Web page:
Monday, March 21, 2011

the death of crowd sourcing?

"Ultimately, crowdsourcing underscores the fallacy of free information: It violates the basic principles upon which our entire economy and culture is based."

This article doesn't really prove anything except that you need to set up a crowd sourcing system correctly.  It should be non-profit, for one thing.  Huffington Post's example is a good one where people contribute for free and others reap the benefits.  This is simply poor design.  The owners not only reap the financial rewards ($315 million!) but control content to a large degree as well.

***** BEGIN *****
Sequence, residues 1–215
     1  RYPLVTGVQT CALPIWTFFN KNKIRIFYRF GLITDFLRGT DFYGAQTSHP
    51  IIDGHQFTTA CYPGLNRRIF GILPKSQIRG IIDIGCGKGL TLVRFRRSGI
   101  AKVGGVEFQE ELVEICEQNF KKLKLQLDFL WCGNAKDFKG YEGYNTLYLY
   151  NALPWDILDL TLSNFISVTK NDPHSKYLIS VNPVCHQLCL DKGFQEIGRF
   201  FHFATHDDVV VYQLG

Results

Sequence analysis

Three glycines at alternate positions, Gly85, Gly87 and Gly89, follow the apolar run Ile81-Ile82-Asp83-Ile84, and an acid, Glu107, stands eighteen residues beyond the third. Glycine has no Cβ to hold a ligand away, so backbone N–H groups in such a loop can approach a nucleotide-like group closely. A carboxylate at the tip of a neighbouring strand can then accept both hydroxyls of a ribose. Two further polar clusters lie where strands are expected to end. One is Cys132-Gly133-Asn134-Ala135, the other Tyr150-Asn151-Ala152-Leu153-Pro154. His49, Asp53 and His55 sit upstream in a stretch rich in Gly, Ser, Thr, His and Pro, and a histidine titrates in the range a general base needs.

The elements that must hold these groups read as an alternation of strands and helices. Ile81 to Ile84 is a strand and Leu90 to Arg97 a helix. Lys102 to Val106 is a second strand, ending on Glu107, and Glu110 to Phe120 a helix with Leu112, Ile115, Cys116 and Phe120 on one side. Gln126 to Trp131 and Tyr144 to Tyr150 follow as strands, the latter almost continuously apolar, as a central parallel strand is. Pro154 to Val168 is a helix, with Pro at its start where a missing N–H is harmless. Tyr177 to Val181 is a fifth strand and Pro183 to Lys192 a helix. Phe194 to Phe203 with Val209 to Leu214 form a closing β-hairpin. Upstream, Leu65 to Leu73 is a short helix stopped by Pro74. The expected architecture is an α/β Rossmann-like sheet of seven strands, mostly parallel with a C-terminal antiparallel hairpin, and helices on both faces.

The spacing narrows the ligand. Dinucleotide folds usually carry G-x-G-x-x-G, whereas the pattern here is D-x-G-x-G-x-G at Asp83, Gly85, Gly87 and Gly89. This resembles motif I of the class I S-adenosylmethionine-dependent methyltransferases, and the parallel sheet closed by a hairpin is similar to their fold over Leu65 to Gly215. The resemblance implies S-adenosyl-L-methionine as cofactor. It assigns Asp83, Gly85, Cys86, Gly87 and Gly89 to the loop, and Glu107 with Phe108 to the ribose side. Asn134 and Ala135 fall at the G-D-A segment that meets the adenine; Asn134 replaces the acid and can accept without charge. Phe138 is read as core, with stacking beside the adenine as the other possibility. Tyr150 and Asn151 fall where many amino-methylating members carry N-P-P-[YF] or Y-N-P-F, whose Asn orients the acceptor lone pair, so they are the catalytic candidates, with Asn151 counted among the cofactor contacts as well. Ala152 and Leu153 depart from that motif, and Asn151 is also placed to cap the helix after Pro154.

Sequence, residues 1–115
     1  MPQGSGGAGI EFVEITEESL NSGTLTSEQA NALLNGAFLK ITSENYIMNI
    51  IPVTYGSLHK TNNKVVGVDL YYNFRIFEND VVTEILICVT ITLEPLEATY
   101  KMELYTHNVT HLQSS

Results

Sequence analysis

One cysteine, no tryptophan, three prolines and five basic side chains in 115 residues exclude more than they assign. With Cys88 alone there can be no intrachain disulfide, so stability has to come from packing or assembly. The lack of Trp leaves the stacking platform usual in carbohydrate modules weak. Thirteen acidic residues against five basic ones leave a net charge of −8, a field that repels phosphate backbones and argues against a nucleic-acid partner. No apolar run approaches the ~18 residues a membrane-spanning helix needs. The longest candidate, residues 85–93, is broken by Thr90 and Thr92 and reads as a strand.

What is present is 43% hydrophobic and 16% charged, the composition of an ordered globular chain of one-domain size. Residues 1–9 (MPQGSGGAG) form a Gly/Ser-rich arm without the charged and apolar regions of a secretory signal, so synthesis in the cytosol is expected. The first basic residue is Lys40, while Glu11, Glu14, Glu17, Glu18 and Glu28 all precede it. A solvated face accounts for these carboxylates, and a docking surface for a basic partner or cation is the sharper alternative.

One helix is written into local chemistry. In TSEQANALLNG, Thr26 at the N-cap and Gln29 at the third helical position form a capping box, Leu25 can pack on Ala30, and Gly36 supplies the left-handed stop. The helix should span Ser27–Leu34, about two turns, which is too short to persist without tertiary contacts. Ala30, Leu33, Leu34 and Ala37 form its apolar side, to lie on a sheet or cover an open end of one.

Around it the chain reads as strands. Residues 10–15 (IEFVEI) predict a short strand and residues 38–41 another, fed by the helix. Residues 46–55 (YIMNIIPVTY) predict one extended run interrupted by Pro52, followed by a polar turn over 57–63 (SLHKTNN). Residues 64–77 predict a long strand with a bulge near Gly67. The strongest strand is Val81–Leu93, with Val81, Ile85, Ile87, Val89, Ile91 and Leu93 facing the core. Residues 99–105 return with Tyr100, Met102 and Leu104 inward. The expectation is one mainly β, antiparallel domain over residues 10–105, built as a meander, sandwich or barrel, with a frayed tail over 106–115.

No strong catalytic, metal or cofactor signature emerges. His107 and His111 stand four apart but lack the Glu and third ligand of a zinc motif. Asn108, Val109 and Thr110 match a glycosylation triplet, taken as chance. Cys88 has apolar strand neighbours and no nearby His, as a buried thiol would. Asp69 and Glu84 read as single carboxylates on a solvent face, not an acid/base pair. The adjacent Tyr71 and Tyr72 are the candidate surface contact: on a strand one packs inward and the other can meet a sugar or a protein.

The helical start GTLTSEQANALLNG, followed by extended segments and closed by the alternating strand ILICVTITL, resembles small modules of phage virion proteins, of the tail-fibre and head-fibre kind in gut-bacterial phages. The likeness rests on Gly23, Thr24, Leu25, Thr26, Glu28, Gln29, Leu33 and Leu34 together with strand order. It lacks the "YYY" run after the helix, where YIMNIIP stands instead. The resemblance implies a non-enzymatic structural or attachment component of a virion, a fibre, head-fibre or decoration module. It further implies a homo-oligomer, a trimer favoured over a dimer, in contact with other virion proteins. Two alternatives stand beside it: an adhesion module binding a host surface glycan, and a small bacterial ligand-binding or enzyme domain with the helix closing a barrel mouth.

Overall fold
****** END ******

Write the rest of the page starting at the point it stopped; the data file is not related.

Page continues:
Also, crowd sourcing should be self-policing but monitored, if that makes sense.  Wikipedia, for example, is open not only to additions, but to corrections.  But above that is a sort of wikipolice who can step into clashes that are not being resolved.

Some sites like and are designed well and simply reward input by having a link upvoted.  I guess these sites are for-profit, but in this case the owners don't control content, the readers do.

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